I rode by 3 adult elephants and one baby grazing on the side of the road the other day. They were quite close to the road so, having been chased by an elephant before and not really enjoying it, I moved to the other side of the road. Unfortunately, that was still too close. I was taking a few pictures, sitting up in the saddle when one of them turned his head to look straight at me, stuck his ears out, trumpeted and started to walk into the road at me. I pedaled a bit harder to get ahead of him and then the other 3 ran to the road as well. I now had 4 elephants (granted one was a baby) chasing me, no more that 5 meters off my back wheel! I tried to get a photo over my shoulder of the pursuit but in my nervousness I couldn't find the shutter button and I almost crashed. So I put my hands on the bars and took off, the chase ended quickly but the big bull stood still for some time and watched me go as the others ran into the trees. All this happened the day after I had warned all the riders in a rider meeting to be very careful around elephants and not to get too close.
I haven't updated in a while for a variety of reasons. In no particular order:
1) Tanzania, Malawi and Zambia felt very familiar and their didn't seem much to write about.
2) Internet has been terribly slow and erratic
3) We've gotten into the habit of getting drunk upon arriving in town before a rest day and typing a blog update with a hangover is just stupid.
4) We've been quite busy on the last few rest days with miscellaneous work.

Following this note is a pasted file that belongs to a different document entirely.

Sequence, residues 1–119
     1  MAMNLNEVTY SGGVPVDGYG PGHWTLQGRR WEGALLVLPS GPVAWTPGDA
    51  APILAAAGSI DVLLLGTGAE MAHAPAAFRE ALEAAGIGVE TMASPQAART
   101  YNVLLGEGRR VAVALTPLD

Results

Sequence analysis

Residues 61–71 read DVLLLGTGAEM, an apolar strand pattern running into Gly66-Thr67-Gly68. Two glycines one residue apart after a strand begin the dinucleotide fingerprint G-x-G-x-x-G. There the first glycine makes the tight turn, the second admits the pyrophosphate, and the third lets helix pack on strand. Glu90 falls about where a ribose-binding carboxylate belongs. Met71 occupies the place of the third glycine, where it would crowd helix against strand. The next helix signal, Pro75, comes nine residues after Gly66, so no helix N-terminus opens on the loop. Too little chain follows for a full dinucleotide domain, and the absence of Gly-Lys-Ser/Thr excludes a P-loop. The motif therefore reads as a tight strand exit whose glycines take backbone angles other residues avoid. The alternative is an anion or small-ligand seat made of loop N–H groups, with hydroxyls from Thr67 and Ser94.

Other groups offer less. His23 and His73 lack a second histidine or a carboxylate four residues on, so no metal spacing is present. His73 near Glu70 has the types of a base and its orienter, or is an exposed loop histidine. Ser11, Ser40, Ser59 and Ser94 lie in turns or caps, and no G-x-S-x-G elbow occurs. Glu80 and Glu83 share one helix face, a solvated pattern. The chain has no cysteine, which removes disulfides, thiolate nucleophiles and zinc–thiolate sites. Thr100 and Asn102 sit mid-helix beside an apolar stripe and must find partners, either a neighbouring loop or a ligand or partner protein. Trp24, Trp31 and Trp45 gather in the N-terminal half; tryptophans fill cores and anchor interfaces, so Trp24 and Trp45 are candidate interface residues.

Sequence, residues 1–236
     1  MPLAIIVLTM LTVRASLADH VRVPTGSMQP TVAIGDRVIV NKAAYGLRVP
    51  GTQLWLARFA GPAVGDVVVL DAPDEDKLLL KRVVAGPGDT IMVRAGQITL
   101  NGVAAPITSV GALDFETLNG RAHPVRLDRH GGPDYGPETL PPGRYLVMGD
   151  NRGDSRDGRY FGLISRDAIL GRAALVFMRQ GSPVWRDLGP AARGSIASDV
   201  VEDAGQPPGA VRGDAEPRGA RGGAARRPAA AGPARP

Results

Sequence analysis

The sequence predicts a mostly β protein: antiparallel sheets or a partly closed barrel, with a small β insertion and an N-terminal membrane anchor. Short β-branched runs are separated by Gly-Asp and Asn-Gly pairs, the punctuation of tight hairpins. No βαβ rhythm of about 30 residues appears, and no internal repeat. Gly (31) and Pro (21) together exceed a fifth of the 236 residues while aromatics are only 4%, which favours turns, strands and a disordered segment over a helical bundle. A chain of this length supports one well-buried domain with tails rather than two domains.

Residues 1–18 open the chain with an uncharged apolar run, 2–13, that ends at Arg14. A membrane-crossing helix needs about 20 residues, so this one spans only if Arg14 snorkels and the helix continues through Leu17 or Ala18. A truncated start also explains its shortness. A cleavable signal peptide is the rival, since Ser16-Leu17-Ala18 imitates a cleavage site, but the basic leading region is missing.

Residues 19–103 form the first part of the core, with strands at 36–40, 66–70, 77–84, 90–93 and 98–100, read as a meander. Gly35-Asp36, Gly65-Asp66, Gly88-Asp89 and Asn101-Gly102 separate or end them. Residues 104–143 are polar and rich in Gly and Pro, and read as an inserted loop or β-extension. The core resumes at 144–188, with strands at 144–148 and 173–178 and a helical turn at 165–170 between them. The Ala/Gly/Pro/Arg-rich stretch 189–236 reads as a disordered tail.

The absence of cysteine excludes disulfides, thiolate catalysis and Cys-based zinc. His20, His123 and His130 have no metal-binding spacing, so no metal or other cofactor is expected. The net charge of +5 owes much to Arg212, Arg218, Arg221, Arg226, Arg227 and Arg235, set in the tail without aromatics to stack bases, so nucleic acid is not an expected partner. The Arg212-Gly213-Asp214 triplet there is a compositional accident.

I've decided what to do when the tour is over (I think). My brother is shipping me my panniers and I will ride from Cape Town, up the east coast of S. Africa into Mozambique to attend the Wedding of Natalie and Holo. The I will ride into Malawi, stop in Zomba to visit Africylce and see if I can play any role there. Then it's back into Zambia. I'd like to go to S. Luangwa and then ride the Petauke Rd West to Lusaka. In Lusaka I will visit Zambikes/Arcifa and see how their bamboo bikes and custom bikes are going. Perhaps I can be of some assistance there as well. I'm convince now that the only way to help Africa develop is to develop new industries. Health, education, conservation, political stability will all follow if people have opportunity. The opportunity to help start a custom bike industy is enticing. After Lusaka it's up to Serenje, visit the village, hang out at Mapontellas and maybe a visit to Shiwa N'gandu. Then Fly home to Charlotte to see my sis and bro, whom I miss greatly, and my little niece, Katie Rose, who I am sure has gotten even cuter and bossier since I left! I have every intention of doing the tour again next year so I will spend my months in the states trying to make money and sort out the logistics of another long term leave of absence. I see some of my stocks are up, which is good, but it also seems my house is in need of repair and I'm not sure of the possibility of restarting the business in just a few short months.